In a political season, the question of character sooner or later arises. Madison tartly noted that if men were angels, no government would be necessary. The corollary is that those who seek to govern aren’t going to be angels either. The question, therefore, becomes how much imperfection is too much?
Hamilton was a genius, but also a prideful hot-head and it got him killed. Jefferson was an idealistic dreamer, but he kept slaves and practiced the sort of weaseling, underhanded hardball politics worthy of Boss Tweed. Nixon was talented and pathological. Lincoln and FDR were incredibly crafty, managing to make all sides in an argument believe they were with them alone. Philanderers and peculators, thy name is legion.
Critics cheerfully clamber aboard their high horses to denounce pols of the party to which they don’t adhere while turning a blind eye or excusing the atrocities committed by their own tribe. There’s something in the Bible about this sort of behavior concerning motes and beams. I got to thinking about this issue because of a review of a new book about Churchill. You are no doubt thinking, how can there possibly be any need for another book about Churchill? But this one is a doozy, as they said in his day.
”No More Champagne” by David Lough concerns a mere sideshow to the pageant of the great man’s life — his finances — yet it is filled with fascination and has a direct bearing on the question of the flaws in men who lead, about what’s over the line and what you just have to sigh and accept. One line that can be drawn is between private misbehavior and public, but drawing such a line is tricky.
Churchill was to the manor born, but he did not inherent sufficient wealth to live the sort of life he felt entitled to. Being Churchill, he didn’t let that stop him, however. By 24 he was lamenting to his mother that “these filthy money worries are the curse of my life…” He was a careless spendthrift, as was his mother, and he knew it. But on he went – buying polo ponies, boar hunting in France and in the depths of 1935’s depression economy spending $62,000 on champagne.
Of course, he rarely paid for all his indulgences at the time they occurred. Readers of British fiction are well-aware that toffs perpetually subsist on credit while the tailors, carriage makers, purveyors of food and spirits and other tradesmen and servants wait forlornly to be paid. That’s not just financially obtuse but morally contemptible.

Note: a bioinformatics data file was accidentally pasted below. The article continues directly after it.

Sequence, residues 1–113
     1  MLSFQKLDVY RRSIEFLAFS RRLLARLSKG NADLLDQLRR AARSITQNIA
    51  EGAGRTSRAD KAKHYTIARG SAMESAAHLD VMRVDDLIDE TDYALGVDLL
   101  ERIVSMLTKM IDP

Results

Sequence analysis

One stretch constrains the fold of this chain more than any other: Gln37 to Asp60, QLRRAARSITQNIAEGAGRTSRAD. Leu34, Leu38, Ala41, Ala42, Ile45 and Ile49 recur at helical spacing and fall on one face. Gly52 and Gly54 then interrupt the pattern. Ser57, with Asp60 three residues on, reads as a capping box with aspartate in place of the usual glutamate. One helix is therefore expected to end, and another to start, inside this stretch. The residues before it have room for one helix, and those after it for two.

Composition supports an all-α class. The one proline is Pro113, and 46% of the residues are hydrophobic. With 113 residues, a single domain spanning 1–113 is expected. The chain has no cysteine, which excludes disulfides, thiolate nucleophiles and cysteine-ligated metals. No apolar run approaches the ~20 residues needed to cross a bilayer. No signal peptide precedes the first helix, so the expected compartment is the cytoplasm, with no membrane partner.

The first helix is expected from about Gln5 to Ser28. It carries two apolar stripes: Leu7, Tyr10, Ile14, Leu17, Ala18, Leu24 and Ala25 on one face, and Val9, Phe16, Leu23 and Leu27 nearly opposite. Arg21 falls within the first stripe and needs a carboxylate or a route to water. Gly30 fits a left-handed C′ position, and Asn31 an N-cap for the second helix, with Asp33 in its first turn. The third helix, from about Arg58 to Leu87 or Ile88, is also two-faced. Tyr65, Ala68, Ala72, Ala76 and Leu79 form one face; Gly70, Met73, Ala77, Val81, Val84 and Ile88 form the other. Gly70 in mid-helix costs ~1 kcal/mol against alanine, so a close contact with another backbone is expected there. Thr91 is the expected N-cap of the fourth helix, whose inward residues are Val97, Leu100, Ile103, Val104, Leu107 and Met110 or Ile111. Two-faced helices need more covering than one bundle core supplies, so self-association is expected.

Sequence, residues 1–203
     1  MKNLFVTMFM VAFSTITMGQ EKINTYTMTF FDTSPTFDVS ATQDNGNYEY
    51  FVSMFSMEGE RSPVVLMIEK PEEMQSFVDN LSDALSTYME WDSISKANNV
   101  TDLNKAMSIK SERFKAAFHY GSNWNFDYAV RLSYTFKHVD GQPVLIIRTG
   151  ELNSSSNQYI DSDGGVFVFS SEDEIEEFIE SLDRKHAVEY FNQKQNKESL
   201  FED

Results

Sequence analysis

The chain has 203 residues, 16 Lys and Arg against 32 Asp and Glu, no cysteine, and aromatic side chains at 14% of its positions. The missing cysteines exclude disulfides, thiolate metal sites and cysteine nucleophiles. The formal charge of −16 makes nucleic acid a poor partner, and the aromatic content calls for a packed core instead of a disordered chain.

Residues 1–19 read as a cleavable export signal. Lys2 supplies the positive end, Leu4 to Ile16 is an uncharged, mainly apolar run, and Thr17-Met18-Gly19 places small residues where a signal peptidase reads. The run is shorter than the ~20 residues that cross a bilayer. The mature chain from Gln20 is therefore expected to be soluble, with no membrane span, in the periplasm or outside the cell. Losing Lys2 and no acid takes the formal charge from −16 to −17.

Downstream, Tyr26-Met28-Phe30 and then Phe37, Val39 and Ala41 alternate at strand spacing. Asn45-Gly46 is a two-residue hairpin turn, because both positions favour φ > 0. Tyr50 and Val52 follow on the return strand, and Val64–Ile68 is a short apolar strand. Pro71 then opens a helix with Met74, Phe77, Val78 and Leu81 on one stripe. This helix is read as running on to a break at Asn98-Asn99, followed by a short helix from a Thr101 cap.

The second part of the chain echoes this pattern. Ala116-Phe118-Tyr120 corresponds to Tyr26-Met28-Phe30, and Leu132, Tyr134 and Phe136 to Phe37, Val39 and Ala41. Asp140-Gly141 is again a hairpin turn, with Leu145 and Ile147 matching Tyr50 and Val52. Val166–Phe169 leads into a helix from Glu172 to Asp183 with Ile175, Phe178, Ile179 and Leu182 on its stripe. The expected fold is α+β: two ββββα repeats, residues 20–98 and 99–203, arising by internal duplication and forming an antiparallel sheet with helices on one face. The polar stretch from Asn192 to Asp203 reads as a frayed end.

Lough tells us that a month after becoming Prime Minister Churchill was so far in arrears that he couldn’t afford to pay household expenses, taxes or interest on his large debt. An anti-Nazi banker of Austrian origin promptly wrote him a check for $250,000. The same friendly fellow had bailed him out of a stock market catastrophe two years earlier to the tune of $1.2 million. It could be argued that he expected nothing in return, but only if you don’t count the defeat of the Axis and the return of his homeland. In our own time, big money often finds its way to candidates, and it is reasonable to suppose a quid pro quo is implied.
After the war, Churchill’s admirers raised $4 million to buy his estate Chartwell, to provide him a home for life and then to see that it passed to the National Trust of historic properties. Ronald Reagan was the beneficiary of similar largesse before, during and after his time in power. Other presidents have also been on the receiving end of highly favorable real estate transactions. And the Bush saga abounds in crony alchemy whereby failed businesses are transmuted to gold and persons with minimal investment capital wind up with baseball or real estate fortunes.
In Churchill’s least attractive moment, as Prime Minister, he twisted the arm of the tax office to get highly favorable capital gains treatment of his earnings as an author. Thus the pauper of 1940 left office six years later a very wealthy man. By any standard this is an abuse of power since he did not legislate that same deal for anyone else. It was for him and him alone.
Few would say that a careful-with-money Chamberlain would have been preferable to the profligate Churchill in 1940, but that is hindsight talking and hardly makes for a useful rule to live by. In our own time we are still left to struggle with deciding which flaws are trivial and which disqualifying in public servants. At the minimum, wouldn’t we like to believe they really seek to serve the public and not just themselves and their largest donors?
Trump seem incapable of telling truth from fiction and has the manners of a class bully. Ben Carson also seems to inhabit a reality adjacent to our own. Rubio has had a history of loosey-goosey relations with money. The Clintons have a habit of prevaricating and have enriched themselves via a charitable foundation. A number of candidates preach a stern morality for those without means, but wink at the bad behavior of those more generously endowed with cash, connections and legal representation.
Charity often seems to be in short supply among members of the political class as do empathy and other traditional virtues. Voters often choose to follow men they’d like to have a beer with. They might be better off if they’d asked themselves which candidate they’d trust with their wallet, their wife or their son’s life.